Dutch member, English car

#1
Hi to all! Since a week, I'm the proud owner of a P6 2000 TC from 1968. Originally from the country of origin (so a RHD), it crossed the channel in 1999. Since then, it has been standing for most of the time, since it was owned (I think from 2003 on) by a collector who has not or hardly driven the car. I bought it - unseen - at an auction, and now I have the challenge to get it back on the road again (the last official check up was about 20 years ago). I am very pleased with the car, but will undoubtedly have to spend many hours in my shed ;-) And for tips and tricks, I know where to find you all :)

Kind regards,
Bram Toussaint Raven
 

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falkor

Active Member
#2
how much did you get it for Bram?

bodywork looks fine ! what's the major hiccup with it? any priority issue that needs addressing? have you driven it at all yet?

by the way WELCOME!!:D
 
#3
;-) No, I haven't driven it yet, it came by trailer. The motor has been running, but I didn't get it started unfortunately. Brakes are not in working order (and it figures: the brake fluid container is broken, so there's no pressure). I've found one big rust spot that has to be welded: the inside of the sill in the drivers compartment. Overall there is not that much rust, although it's certainly not rustfree ;-) The interior in the back has a nice patina, but in the front it's dried out and cracked. Not my main concern though.
I've already cleaned out the boot and treated it with Fertan; it was mainly surface rust. My current occupation is the thermostat housing: it won't come off! The studs are corroded, I guess the thermostat hasn't been looked at for about 20 years. So this is a real concern, it's seized solid :-( I actually think of sacrificing the housing and 'braking' it to pieces, to get to those &$%@&$ studs.
The underside has been treated with tectile, 20 years ago. And as we know, that can be good but it can also be bad (= hiding rust that eats away at the body without being noticed). But since the car hasn't been driven for a very long time, I think (hope) this will turn out to be ok.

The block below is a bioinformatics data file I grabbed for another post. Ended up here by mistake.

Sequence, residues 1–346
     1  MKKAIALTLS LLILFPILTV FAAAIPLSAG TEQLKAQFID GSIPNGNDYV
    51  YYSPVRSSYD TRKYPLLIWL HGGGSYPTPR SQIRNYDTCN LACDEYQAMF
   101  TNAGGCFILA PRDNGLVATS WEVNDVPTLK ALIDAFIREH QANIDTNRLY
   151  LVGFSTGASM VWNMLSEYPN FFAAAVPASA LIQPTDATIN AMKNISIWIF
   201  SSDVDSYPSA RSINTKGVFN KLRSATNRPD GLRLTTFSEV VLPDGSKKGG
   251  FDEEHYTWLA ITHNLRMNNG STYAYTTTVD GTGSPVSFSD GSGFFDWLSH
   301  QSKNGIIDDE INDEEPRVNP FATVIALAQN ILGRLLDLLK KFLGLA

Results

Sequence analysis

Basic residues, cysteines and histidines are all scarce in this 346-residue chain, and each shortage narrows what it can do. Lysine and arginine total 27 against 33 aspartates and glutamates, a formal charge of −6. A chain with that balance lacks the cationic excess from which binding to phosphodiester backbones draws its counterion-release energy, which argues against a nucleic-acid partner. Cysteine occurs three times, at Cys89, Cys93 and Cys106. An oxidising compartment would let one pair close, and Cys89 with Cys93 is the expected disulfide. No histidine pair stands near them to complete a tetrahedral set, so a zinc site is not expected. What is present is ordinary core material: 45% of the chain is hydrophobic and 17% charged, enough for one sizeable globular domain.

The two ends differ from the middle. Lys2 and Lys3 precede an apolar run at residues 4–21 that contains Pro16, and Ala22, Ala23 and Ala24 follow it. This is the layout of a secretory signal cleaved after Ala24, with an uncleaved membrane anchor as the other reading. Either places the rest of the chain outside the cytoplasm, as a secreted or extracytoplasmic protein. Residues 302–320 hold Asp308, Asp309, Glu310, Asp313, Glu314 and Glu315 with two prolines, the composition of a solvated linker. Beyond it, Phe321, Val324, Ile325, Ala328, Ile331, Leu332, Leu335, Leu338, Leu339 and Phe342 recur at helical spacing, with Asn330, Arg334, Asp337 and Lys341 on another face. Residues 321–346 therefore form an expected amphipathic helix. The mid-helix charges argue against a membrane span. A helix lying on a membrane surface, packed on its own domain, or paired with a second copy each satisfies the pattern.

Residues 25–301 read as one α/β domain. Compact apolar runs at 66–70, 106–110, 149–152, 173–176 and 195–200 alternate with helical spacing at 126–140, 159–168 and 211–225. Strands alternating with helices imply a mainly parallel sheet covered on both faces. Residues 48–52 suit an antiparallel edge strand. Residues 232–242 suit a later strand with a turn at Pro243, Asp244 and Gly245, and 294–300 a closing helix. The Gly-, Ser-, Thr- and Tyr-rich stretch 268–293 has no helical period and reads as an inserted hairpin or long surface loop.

Ah yes, what did I pay: the winning bid was 1600 euros (plus 140 auction fee, plus 140 transport). So all in all not a bad deal, I think.
 

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#6
Niet bepaald om de hoek, woon zelf in Maastricht. Ben benieuwd naar de voortgang van je project! Ga je nog een topic bijhouden in het 'Members Projects' gedeelte? Als je op Facebook zit, daar zijn o.a. de ROCH en een aantal Engelse clubs actief. Succes! :)
 
#7
(... or should we speak English, out of hospitality and so everyone understands ...) I don't know if I have the discipline to keep track of a Members Project ;-) but will certainly think about it! And on FB, I am indeed a member of 1 of those mentioned, I believe. It's nice to know there are so many enthusiasts!
 
#9
Hello Bram,

Sort of in the same position. Someone forgot about this P6 2000SC (original Belgian car), only after moving the new hourse-owner asked when he would pick it up! :eek: That was back in the eighties. Then it stood somewhere, again forgotten, so third owner, but it wasn't on the road for many many years. Fluids changed, charged battery, fuel and it roared into life as soon the petrol entered the engine. Quality stuff these Rovers.
Brakes done, no charging dynamo yet, anti-rust treatment ongoing, trying to get the original leather back from its cardboard state, etc.

Only need to sort the valve on the brake master as the brakes keep on braking after you release the pedal and it is back on the road.
Lots of stuff then still to attend to, but at least it can be driven.
Nice to have limited rust, same here, it was always garaged. Good technical cars, like to work on them. Good luck with getting it back on the road.

Regards from a Dutchman in Belgium,

Rob
 
#10
Nice! ... but I see no picture(s)? Keep me (us) posted, I’m curious how your project will proceed!
Did I mention my thermostat housing that won’t come off? Still hoping for good advice I’m thinking of ‘braking’ the thing to pieces, to get to the corroded studs.

Looking forward to some pics of your car
 

ghce

Well-Known Member
#12
Did I mention my thermostat housing that won’t come off? Still hoping for good advice I’m thinking of ‘braking’ the thing to pieces, to get to the corroded studs.

Looking forward to some pics of your car
Gentle persuasion ;) but be warned stud breakage is really common after so many years. Penetrating oil, heat cool, rinse and repeat. Dont envy your task.
 
#13
Hi Bram you car is amazing for being stored for so long I guess it was indoor storage not outside ?
Yes, it must have been! I’m was told that it was bought in 2003 by a collector, and it hasn’t been tested (APK/MOT) since. It must have been kept inside, and probably next to a window, in the sun: leather is like cardboard and the window rubbers have curled and are hard and cracked
 
#17
If you can get it running on a budget, you've done very well for yourself! S1 cars are in general a little more valuable. But if you're not in it for a profit, but for the enjoyment of it it doesn't matter that much does it? :)
 
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